ICE Nabs 2,900 Criminal Immigrants in U.S. Sweep

Sep 28, 2011 2:10pm

US Immigration Customs Enforcement announced the arrest of 2,901 convicted criminal aliens over the past week who will now be removed from the United States.

Although the numbers from the week long enforcement operation, dubbed “Cross Check,” seem to be robust, ICE Director John Morton acknowledged that there are an estimated 1 million criminal offenders in the US who could be deported under US law.

“These are not people who are making a positive contribution to their communities. They are not the kind of people we want walking our streets,” Morton said at press conference Wednesday in Washington.

“For many years there have been far more people in the country than ICE can remove.”  Morton said. “The best place to start is with criminal offenders.” Last month DHS Secretary Napolitano announced a policy shift to focus more on removing criminal illegal immigrants, and repeat immigration law violators instead of conducting enforcement operations again non-violent immigration violators.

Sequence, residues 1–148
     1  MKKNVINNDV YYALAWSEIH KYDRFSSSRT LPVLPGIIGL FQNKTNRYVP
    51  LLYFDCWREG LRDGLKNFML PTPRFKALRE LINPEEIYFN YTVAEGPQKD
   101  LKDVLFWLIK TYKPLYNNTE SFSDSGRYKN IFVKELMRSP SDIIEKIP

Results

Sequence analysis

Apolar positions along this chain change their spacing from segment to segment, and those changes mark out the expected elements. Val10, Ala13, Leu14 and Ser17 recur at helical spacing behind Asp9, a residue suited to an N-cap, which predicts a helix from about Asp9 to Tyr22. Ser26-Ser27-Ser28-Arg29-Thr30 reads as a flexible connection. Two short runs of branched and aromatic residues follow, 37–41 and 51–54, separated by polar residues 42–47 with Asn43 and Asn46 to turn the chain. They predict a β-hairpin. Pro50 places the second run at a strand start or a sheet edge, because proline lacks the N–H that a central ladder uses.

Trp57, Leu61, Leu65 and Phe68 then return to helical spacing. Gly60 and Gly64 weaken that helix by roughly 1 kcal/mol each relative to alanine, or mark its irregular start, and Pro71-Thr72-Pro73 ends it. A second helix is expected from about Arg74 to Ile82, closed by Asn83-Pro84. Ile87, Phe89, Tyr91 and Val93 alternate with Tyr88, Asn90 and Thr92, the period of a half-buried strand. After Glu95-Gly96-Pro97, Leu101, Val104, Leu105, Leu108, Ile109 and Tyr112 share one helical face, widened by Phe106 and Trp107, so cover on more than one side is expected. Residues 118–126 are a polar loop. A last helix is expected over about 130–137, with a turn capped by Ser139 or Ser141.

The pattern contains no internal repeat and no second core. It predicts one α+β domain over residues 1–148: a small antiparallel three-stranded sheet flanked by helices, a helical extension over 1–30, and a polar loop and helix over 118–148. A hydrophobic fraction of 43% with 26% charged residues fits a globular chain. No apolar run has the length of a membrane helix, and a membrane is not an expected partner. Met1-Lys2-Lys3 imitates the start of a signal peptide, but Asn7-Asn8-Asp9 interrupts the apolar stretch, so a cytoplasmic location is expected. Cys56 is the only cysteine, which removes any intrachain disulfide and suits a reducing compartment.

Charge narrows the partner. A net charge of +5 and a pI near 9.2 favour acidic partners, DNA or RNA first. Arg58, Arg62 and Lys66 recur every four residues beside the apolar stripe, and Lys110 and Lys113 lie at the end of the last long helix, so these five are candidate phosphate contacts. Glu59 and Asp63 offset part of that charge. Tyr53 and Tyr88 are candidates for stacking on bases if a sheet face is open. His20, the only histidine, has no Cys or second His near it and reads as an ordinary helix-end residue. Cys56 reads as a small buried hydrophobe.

“There are a large number of criminal offenders…The estimates vary but between, somewhere around a million people with criminal convictions who are subject to removal under the law.”  Morton said.

The enforcement operation took place in all 50 states and targeted illegal immigrants with extensive criminal records and fugitives. Among the 2,901 individuals who were arrested ICE officials said that over 1,200 had multiple criminal convictions and 1,600  has serious felony convictions including manslaughter, attempted murder, armed robbery, kidnapping and sexual crimes against children.

According to ICE of the individuals arrested 151 were convicted sex offenders and 42 were gang members.

“You are going to see a sustained focus on criminal offenders from the agency, it is our highest priority,” Morton said, emphasizing that targeting criminal offenders can help lower crime rates. “We feel there is such a strong correlation between immigration enforcement and criminal offenders  and public safety and law and order in communities.”

Morton also stood by a controversial DHS program called Secure Communities. Earlier this month an advisory ask force found serious concerns with a deportation program run by ICE  because of confusion about the program and tensions the effort has created for state and local police.

Established in 2008 the deportation program, allowed the fingerprints of inmates in jails and prisons to also be searched in ICE’s databases for possible immigration violations.
“We have made a number of changes already to Secure Communities particularly strengthening the civil rights and civil liberties protections…making clear the program cannot be used to identify witnesses,” Morton said. “We are making sure it is focused on our priorities…Secure Communities makes sense.”

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